KANSAS CITY – At times you can start to suspect otherwise during a lost season, but there’s really no such thing as a meaningless major-league baseball game.
The stakes are simply too high for all involved. Not in the standings in this case, unless you count Kansas City’s race to the bottom for the first overall pick in 2019, but in smaller ways. It’s on that granular level that the Blue Jays’ 6-2 loss to the Royals offers any meaning.
First, the mistakes and there were plenty on a day that the teams waited through a two hour, 14 minute delay before first pitch. Perhaps mercifully, the announced crowd at Kauffman Stadium was just 14,894 and to suggest that a tenth of those fans were in their seats when Wily Peralta recorded the final out would be generous.
On defence, Teoscar Hernandez misplayed consecutive Royals hits in the fourth inning. While neither was ruled an error, his outfield routes remain problematic – a cause for concern considering that the Blue Jays already have a DH in Kendrys Morales.
“But he made a heck of a throw to second base,” manager John Gibbons countered, referencing the first of two strong throws Hernandez made from left field. “He’s working on it. He’s a work in progress out there. I don’t want him to get too frustrated, just keep working and don’t be afraid to make mistakes because that’s when you make them.”
On the bases, Aledmys Diaz ran into an out in the second inning when he appeared intent on drawing a throw that would allow Kevin Pillar to bolt home. He drew the throw all right, only to run right into the tag with no slide to end the inning.
Diaz got the start at third base, and the appearance could foreshadow more time at the hot corner. Lourdes Gurriel Jr. (ankle) has resumed baserunning, sliding and hitting drills and his eventual return could push Diaz to third alongside Russell Martin. While the Blue Jays like Gurriel Jr. as a middle infielder, Diaz’s defensive skillset allows him to play second, third or short capably, according to Gibbons.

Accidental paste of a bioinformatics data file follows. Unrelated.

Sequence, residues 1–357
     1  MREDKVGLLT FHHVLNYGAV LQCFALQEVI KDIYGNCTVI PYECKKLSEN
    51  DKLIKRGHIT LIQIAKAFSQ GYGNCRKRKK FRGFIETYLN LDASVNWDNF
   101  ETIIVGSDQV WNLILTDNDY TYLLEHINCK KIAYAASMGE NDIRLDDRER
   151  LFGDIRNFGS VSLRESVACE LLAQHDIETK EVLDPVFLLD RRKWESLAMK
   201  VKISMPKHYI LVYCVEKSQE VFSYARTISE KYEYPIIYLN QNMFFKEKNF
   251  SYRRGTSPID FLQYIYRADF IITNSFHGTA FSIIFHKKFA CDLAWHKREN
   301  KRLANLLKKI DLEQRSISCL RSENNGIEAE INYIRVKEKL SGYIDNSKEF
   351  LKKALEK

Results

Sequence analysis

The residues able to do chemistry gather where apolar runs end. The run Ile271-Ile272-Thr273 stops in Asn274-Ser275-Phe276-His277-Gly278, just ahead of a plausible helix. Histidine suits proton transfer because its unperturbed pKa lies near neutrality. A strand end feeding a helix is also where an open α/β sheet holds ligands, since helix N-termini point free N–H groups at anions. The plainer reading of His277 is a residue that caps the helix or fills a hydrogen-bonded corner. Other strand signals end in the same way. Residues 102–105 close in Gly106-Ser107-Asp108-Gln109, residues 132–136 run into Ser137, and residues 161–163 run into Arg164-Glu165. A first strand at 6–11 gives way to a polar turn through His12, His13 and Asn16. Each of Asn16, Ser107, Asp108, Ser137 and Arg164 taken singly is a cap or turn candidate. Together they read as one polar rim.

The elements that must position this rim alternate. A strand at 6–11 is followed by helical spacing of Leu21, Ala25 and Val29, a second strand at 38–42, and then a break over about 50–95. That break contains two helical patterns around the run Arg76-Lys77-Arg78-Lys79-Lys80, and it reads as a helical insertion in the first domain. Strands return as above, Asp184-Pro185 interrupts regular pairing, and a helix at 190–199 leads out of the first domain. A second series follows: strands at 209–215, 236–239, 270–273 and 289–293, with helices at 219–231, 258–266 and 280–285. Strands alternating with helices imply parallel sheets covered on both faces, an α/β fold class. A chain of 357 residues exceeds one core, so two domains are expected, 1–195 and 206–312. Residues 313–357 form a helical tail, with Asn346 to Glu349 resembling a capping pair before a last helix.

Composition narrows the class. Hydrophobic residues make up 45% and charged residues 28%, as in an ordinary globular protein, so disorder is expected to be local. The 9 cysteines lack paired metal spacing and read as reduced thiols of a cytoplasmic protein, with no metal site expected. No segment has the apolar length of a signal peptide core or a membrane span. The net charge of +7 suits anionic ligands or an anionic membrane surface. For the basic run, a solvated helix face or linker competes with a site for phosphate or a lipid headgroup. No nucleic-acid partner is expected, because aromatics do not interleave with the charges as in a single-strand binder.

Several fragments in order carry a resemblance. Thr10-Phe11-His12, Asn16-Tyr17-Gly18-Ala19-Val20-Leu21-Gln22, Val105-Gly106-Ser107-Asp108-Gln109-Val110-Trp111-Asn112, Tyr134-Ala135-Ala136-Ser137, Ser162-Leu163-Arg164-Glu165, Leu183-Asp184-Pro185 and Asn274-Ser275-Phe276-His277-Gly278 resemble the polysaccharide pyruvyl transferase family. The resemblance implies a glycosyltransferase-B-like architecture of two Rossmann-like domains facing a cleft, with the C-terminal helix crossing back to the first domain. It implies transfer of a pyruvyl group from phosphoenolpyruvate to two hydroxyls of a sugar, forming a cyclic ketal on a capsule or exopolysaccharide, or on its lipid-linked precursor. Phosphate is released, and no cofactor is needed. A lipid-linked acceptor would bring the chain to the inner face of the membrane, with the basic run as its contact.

On the mound, Sam Gaviglio allowed five runs on eight hits in 4.1 innings to the team that ranks last in the majors in runs scored. He had fared well in his two previous starts, but his season ERA climbed to 5.13 Thursday.
“It was a tough night,” Gibbons said. “He’s been getting hit around a little bit lately. Part of that is a lot of pitches are up in the zone and (his) kind of style, you can’t do that. That was basically it.”
“I think I just got a little elevated,” added Gaviglio. “I just made a few mistakes and they took advantage of it.
Adding to the bizarre feel at the ballpark, Gaviglio earned a balk call when he tried to pick off a runner, only to have the ball slip out of his hand.
Reinforcements are coming to the rotation, as Aaron Sanchez completed 3.2 innings in Wednesday’s rehab outing. He threw just 35 of 74 pitches for strikes but was encouraged by how he felt physically, according to Gibbons.
“Apparently he feels fine. That’s the key,” Gibbons said. “He’s got to build up.”
The Blue Jays expect Sanchez to make another rehab start early next week, and remain hopeful that he’ll be able to re-join the rotation for most or all of September. By that point, the Blue Jays could have an opening in their rotation; contending teams have Marco Estrada on their radar, setting up the possibility of a trade.
On a more positive note, Danny Jansen continued to look the part of a major-league catcher. The 23-year-old collected an infield hit and a sac fly at the plate, and showed athleticism and awareness while retiring Alex Gordon on a tough dribbler in the sixth inning then promptly returning behind home plate to ensure Whit Merrifield didn’t think about scoring.
“Great play,” Gibbons said. “He moves really well. He’s doing a great job blocking balls. Yeah, he’s living a charmed life too now. He’s got a couple of little dribbler hits. That’s always a good thing. He’s handled himself like a champ.”
All told, the game ended after 1 a.m. ET, setting up a long night of travel for the Blue Jays before their series opener in New York Friday. In all likelihood, the Blue Jays will land in New York in time for morning rush hour. That’ll give them time for a quick nap at the team hotel before they try for better results against a better team.